Weirdly, following “A Nanny in Manhattan” becoming a hit in the U.K. in… 1998, maybe? I want to say that’s when it was, but maybe it was 1997, Can’t Make Your Life Better was re-released with all the tracks remixed and, in some cases, reconstructed with different arrangements that changed the songs more than a little. “Returns Every Morning” wasn’t one that was massively changed, but the addition of orchestral parts (Strings! A harp!) subtly changes the feel of what’s going on, and the fadeout riffing at the end turns out to be very different, with the fadeout gone, replaced by quiet strings rising in the background as the lead guitar finishes repeating the riff and starts going off in a crazier direction, everything building to… a sudden stop, and silence. There’s something more disturbing about this end, for me, the feeling being that we were heading towards something but suddenly prevented from reaching it, bringing the melancholy of lost opportunities and things-that-might-have-been. The song was never comforting – it was too scattered and displaced for that – but this second version makes it feel sad, with the different ending. Or maybe that’s just me.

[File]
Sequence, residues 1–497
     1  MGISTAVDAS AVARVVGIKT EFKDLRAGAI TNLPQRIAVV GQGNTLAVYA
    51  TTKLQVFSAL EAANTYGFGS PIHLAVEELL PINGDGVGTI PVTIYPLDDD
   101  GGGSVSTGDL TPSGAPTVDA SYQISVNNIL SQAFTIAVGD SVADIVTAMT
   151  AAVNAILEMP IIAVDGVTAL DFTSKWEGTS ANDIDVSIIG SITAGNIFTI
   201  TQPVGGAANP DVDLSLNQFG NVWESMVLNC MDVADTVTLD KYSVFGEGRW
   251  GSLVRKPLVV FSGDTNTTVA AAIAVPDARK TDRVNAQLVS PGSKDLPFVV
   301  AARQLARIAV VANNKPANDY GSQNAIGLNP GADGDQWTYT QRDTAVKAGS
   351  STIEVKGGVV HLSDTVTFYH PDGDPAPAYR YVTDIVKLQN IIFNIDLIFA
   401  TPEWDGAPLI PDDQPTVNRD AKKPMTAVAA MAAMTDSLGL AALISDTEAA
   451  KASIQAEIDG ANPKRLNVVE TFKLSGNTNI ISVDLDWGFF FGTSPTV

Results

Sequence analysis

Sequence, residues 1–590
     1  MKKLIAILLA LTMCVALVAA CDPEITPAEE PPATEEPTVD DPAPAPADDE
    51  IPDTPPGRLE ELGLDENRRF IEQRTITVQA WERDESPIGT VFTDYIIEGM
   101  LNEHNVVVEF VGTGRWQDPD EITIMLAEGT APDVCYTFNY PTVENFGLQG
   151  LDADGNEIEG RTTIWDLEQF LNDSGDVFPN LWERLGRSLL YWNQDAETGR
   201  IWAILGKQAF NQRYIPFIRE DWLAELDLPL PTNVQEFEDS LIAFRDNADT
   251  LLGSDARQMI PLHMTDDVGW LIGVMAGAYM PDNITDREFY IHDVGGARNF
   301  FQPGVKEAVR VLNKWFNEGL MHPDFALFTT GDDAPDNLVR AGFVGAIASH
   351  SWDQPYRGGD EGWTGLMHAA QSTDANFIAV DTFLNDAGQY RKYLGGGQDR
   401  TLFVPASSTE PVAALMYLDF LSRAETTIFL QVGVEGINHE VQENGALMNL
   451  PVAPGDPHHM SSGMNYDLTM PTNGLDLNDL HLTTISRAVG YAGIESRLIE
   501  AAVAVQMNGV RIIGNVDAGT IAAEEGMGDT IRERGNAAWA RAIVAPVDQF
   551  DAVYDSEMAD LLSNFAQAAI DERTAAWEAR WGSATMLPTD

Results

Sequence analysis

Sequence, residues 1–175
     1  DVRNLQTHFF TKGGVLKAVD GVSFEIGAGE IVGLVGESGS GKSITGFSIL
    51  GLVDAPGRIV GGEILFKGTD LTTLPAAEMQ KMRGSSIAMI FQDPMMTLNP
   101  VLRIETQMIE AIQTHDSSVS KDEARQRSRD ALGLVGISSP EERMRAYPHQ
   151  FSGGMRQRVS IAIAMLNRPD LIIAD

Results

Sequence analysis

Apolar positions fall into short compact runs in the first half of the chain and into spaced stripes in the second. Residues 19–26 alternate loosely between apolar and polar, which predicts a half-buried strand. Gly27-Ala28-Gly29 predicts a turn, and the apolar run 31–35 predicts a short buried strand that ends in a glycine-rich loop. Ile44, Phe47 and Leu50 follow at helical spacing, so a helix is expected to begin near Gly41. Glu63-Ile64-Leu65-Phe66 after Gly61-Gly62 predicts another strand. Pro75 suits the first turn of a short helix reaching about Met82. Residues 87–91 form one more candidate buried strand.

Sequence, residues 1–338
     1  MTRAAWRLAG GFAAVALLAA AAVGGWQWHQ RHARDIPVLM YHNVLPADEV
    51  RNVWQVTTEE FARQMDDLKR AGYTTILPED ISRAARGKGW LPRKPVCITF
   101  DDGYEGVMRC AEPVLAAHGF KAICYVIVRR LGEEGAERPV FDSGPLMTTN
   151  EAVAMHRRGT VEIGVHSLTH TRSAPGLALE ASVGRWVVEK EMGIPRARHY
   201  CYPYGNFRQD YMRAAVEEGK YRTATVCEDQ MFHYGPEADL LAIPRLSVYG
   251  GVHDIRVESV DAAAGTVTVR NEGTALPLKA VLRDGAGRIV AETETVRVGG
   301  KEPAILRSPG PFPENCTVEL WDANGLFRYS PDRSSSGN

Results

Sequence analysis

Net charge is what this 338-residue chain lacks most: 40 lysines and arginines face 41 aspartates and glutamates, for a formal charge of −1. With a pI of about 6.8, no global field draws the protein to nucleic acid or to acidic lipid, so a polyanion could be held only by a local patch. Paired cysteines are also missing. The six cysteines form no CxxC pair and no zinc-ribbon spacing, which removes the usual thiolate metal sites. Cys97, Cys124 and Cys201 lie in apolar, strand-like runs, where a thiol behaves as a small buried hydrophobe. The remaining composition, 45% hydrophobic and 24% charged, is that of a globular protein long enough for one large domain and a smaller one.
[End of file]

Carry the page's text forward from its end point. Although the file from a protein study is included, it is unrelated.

366 Songs 047: Funkier Than A Mosquito’s Tweeter

I always wondered what the story was behind Nina Simone’s epic “Funkier Than A Mosquito’s Tweeter,” every time I hear it; it’s a vicious song, clearly one born of anger with the lyrics just filled with invective and some of the best insults ever put to music (I’m particularly partial to “Blowing minds is a thing of the past/You blew your chance, that’s why you never last/You want to be a graduated mother/But in reality, you’re just another brother,” but the very next couplet – “You think you’re slick, but you could stand a lot of greasin’/The things you do ain’t never really pleasin'” – comes very close), which makes me curious who, exactly, the song was written about, and what was the igniting event. We’ve gotten used to diss songs in recent years/decades, I think, with rap in particular making it into enough of a common thing that it feels like a legitimate genre, but this song still feels light years ahead of everything else in this particular school, a song to play people who think that “You’re So Vain” is both mysterious and cutting.